Articles | Volume 16, issue 1
https://doi.org/10.5194/os-16-99-2020
https://doi.org/10.5194/os-16-99-2020
Research article
 | Highlight paper
 | 
20 Jan 2020
Research article | Highlight paper |  | 20 Jan 2020

Why did deep convection persist over four consecutive winters (2015–2018) southeast of Cape Farewell?

Patricia Zunino, Herlé Mercier, and Virginie Thierry

Viewed

Total article views: 5,954 (including HTML, PDF, and XML)
HTML PDF XML Total Supplement BibTeX EndNote
4,892 838 224 5,954 491 79 70
  • HTML: 4,892
  • PDF: 838
  • XML: 224
  • Total: 5,954
  • Supplement: 491
  • BibTeX: 79
  • EndNote: 70
Views and downloads (calculated since 17 May 2019)
Cumulative views and downloads (calculated since 17 May 2019)

Viewed (geographical distribution)

Total article views: 5,954 (including HTML, PDF, and XML) Thereof 5,050 with geography defined and 904 with unknown origin.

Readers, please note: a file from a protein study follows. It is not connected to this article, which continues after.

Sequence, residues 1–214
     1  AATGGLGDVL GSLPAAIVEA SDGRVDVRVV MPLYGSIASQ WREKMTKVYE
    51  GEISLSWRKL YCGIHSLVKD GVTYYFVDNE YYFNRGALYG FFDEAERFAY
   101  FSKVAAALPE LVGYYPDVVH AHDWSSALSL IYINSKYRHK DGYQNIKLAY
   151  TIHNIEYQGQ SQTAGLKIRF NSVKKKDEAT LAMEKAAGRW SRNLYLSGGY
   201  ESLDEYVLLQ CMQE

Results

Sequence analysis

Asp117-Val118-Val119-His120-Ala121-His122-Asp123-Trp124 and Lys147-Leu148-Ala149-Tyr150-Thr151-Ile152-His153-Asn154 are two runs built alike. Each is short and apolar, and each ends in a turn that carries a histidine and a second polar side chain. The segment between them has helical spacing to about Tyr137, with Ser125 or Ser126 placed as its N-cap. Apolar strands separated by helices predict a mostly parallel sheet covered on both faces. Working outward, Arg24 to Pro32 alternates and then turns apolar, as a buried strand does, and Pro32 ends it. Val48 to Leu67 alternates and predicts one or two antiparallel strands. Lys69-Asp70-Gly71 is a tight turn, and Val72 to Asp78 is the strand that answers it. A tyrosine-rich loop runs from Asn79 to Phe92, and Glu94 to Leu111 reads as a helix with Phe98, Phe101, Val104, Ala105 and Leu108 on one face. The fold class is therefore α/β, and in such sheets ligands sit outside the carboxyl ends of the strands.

Country # Views %
  • 1
1
 
 
 
 

Cited

Latest update: 29 Feb 2024
Short summary
The region south of Cape Farewell (SCF) is recognized as a deep convection site. Convection deeper than 1300 m occurred SCF in 2015 and persisted during three additional winters. Extreme air–sea buoyancy fluxes caused the 2015 event. For the following winters, air–sea fluxes were close to the climatological average, but local cooling above 800 m and the advection below 1200 m of a fresh anomaly from the Labrador Sea decreased stratification and allowed for the persistence of deep convection.